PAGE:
Figure 2 also illustrates the design of the pivotal TIVO-1 trial in mRCC patients (NCT01030783, 2011). As in the AXIS trial, an active comparator arm employing sorafenib was utilized. The patients eligible however, include individuals who have not received prior VEGF therapy, therefore essentially comprising a treatment naïve as well as a cytokine refractory group. Additionally, prior nephrectomy and an ECOG performance status of 0–1 are required. The primary endpoint is PFS, with secondary endpoints of OS, ORR, and quality of life. A total of 500 patients have been randomized (1:1) to receive either sorafenib or tivozanib. This study is ongoing, accrual has been completed, and final data analysis is pending.
Summary and Conclusion
The currently available targeted agents provide significant clinical benefit for patients with mRCC, however, these agents also produce significant off-target toxicities that may limit their effectiveness. The development of additional VEGFR TKIs with improved potency and selectivity therefore may provide more effective and better tolerated treatment options. Additionally, the possibility that combinations may be easier to develop utilizing the more selective third generation TKI’s exists.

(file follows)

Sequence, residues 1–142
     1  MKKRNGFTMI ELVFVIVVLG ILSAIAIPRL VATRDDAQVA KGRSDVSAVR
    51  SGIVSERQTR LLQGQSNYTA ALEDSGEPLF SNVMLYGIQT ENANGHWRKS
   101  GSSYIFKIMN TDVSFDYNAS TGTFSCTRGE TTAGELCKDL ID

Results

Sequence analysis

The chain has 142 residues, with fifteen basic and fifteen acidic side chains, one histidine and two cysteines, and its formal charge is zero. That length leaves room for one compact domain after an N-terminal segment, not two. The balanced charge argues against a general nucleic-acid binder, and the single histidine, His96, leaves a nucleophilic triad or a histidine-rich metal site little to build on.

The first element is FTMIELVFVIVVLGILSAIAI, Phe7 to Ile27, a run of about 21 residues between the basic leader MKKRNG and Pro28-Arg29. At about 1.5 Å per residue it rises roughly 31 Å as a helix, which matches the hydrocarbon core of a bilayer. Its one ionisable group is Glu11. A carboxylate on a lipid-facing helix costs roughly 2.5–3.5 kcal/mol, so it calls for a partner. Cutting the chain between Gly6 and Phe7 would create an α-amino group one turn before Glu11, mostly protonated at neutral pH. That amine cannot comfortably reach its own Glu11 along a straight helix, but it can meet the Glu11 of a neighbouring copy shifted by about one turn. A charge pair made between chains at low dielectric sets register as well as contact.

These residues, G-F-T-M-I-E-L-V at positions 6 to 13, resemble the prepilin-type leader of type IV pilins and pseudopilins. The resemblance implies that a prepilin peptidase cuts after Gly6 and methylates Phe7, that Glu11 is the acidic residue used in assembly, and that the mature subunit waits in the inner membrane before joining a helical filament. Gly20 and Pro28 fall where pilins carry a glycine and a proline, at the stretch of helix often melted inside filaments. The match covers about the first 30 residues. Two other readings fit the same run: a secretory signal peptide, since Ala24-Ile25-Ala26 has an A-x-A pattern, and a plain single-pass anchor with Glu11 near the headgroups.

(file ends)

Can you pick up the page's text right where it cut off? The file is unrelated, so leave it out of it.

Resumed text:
1. Do we need another TKI for metastatic RCC? The currently available therapeutic options have clearly improved patient outcomes as measured by the surrogate PFS. Improvement of OS has been more difficult to demonstrate, possibly because of study design and the inclusion of crossover treatment options in many of the trials. The third generation of TKI’s now under study, are still utilizing PFS as the primary endpoint, however, the study designs involve the active comparator sorafenib. Examination of the two pivotal trials which compare either axitinib or tivozanib to sorafenib suggest the following:
a. Studies in the treatment-naïve population to determine if the increased in vitro potency and selectivity for VEGFR will translate into increased efficacy are required. Comparisons with existing TKI’s such as sunitinib or pazopanib are necessary to provide this type of evidence. If increased effectiveness cannot be demonstrated, than the issue of tolerability and toxicity should be critically addressed. Again, this will require comparative studies with current standards of care. The currently completed studies have not addressed these issues. The TIVO-1 trial will provide information on the treatment-naïve patient population, but this is a subset of the study population, with sorafenib, an agent never demonstrated in a phase 3 trial to improve outcomes for mRCC patients, utilized as the comparator. Similarly, data on the efficacy of axitinib in the treatment-naïve patient subset will be available, but the comparator remains sorafenib.